Davis resolved his dilemma by sealing the indentures for Berkeley and Wyndham with only the mayor’s seal of office attached, which he did with ‘one magistrate, four common councilmen and the majority of sworn burgesses’. Not surprisingly, this proceeding was challenged by Coward and a group claiming to be the ‘majority of the burgesses, freemen and inhabitants’ of Wells who petitioned, alleging that over 140 electors voted for Coward and Hall, ‘whereas Mr Berkeley had not above 100 and Mr Wyndham not above 80 legal voices’. The case was not heard, however, and the two Tories, Berkeley and Wyndham, held on to their seats.2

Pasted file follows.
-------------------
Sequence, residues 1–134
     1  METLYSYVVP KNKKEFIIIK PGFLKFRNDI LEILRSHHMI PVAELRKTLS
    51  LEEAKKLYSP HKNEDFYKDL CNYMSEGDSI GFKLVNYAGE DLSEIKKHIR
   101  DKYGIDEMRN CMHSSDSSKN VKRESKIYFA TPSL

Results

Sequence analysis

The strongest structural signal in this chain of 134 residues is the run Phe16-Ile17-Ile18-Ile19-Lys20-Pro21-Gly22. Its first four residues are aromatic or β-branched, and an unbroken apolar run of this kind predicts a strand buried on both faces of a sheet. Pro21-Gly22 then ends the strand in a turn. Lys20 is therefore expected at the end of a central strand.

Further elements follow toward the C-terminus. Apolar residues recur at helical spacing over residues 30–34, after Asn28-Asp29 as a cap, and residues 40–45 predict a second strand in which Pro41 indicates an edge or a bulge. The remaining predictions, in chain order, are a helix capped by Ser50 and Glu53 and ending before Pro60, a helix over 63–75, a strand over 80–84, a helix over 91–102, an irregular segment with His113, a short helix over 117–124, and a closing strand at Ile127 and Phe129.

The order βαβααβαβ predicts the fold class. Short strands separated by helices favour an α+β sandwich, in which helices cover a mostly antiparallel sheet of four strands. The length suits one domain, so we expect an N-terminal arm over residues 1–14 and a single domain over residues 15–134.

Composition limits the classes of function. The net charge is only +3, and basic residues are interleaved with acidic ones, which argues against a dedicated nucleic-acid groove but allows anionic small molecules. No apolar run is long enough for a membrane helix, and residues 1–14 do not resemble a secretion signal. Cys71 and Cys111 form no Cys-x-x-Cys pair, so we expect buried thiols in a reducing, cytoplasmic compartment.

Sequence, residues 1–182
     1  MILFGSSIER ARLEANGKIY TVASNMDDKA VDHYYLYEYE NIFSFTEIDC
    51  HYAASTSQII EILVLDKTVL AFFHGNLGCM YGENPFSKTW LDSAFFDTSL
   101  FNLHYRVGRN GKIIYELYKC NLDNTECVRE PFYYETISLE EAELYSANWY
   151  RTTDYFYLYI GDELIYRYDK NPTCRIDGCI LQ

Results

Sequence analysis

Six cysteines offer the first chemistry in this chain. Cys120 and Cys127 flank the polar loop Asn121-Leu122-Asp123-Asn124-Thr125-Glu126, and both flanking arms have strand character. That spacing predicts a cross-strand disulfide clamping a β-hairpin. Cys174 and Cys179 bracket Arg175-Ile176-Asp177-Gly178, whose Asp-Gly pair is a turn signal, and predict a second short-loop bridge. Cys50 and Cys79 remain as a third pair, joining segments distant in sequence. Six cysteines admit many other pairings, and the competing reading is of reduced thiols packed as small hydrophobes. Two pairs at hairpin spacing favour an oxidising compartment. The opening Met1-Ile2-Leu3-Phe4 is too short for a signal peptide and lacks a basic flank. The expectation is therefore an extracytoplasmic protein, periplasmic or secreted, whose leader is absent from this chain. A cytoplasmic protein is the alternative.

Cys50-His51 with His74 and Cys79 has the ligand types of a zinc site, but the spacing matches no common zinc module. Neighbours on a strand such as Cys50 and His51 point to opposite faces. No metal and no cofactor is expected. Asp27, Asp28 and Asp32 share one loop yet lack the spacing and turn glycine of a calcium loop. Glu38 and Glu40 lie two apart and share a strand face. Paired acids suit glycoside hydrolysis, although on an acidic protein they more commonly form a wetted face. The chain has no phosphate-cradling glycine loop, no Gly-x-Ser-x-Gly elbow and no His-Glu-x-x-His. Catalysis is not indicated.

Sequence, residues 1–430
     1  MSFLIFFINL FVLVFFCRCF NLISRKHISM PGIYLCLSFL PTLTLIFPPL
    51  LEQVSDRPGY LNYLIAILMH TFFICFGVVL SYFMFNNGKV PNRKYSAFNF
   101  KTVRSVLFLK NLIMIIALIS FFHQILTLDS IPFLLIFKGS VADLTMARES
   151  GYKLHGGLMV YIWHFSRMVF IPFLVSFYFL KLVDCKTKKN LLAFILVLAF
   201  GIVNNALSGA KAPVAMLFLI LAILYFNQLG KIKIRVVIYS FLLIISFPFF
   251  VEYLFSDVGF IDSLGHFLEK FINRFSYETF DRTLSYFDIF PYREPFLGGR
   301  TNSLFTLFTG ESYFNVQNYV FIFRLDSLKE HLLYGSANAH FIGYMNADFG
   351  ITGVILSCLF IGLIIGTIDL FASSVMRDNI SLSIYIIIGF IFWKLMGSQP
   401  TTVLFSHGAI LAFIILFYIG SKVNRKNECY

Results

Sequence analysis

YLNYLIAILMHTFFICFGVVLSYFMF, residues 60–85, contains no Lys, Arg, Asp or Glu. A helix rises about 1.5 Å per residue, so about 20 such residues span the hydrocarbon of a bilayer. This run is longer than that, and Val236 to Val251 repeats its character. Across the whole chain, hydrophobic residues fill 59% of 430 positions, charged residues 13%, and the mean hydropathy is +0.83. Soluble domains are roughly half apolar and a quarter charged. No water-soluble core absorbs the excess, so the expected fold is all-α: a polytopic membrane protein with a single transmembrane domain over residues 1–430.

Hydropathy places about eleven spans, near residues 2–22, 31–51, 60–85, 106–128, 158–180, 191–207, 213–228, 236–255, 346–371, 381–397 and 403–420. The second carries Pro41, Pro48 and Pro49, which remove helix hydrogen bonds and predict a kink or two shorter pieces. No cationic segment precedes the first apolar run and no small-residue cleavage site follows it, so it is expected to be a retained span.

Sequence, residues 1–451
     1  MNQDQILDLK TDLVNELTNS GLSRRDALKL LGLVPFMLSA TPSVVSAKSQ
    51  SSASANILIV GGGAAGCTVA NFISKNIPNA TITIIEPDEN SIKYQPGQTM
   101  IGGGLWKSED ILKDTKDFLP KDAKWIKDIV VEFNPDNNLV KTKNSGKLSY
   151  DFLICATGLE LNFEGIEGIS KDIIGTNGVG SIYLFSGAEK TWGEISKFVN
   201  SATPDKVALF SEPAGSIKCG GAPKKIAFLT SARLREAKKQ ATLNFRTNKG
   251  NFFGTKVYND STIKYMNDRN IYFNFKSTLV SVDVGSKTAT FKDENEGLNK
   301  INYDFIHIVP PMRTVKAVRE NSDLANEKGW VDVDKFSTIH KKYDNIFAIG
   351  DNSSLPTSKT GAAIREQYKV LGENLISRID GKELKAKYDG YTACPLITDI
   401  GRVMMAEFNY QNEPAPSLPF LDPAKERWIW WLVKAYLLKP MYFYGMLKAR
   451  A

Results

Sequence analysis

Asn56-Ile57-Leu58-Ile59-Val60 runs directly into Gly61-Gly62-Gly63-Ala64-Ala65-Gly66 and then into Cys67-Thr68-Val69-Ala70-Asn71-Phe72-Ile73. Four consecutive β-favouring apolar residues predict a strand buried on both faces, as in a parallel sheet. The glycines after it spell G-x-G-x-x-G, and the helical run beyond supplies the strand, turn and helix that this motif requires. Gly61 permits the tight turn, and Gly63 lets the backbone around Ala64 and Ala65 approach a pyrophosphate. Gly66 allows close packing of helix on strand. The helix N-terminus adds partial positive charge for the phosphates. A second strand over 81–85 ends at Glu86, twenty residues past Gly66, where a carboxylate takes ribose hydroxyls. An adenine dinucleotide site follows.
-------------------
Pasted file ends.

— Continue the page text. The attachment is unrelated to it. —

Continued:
In 1695 Berkeley and Wyndham were opposed by Coward and Henry Bridges, a son of Sir Thomas Bridges of Keynsham, Somerset, who as one of the town’s burgesses had contested against Berkeley in 1685. Wyndham pulled out before the poll, leaving the mayor no option but to return Berkeley along with Coward, who was still in office as the corporation’s recorder. In his subsequent petition against Berkeley, Bridges claimed that he and Coward had been elected by ‘the majority of rightful voters’. At the committee hearing, counsel for Bridges insisted that the right of election lay in the ‘mayor, burgesses and inhabitants paying scot and lot’, and that after the sworn freemen had voted, the mayor refused to poll 150 ordinary freemen then present, despite earlier demands on their behalf. For the sitting Members it was claimed that the three candidates had agreed to stand by the vote of the sworn freemen; that Bridges himself had voted as such and made no complaint either during or after the poll; while finally, a freeman who, on behalf of his fellows, had demanded to be polled, had not pursued this demand once the votes of the sworn burgesses had been taken. The House accepted the committee’s resolution that the right of election lay in the ‘mayor, masters and burgesses’, declaring Berkeley duly elected. But in the absence of a much-needed definition of the term ‘burgess’, the right of election remained unclarified.3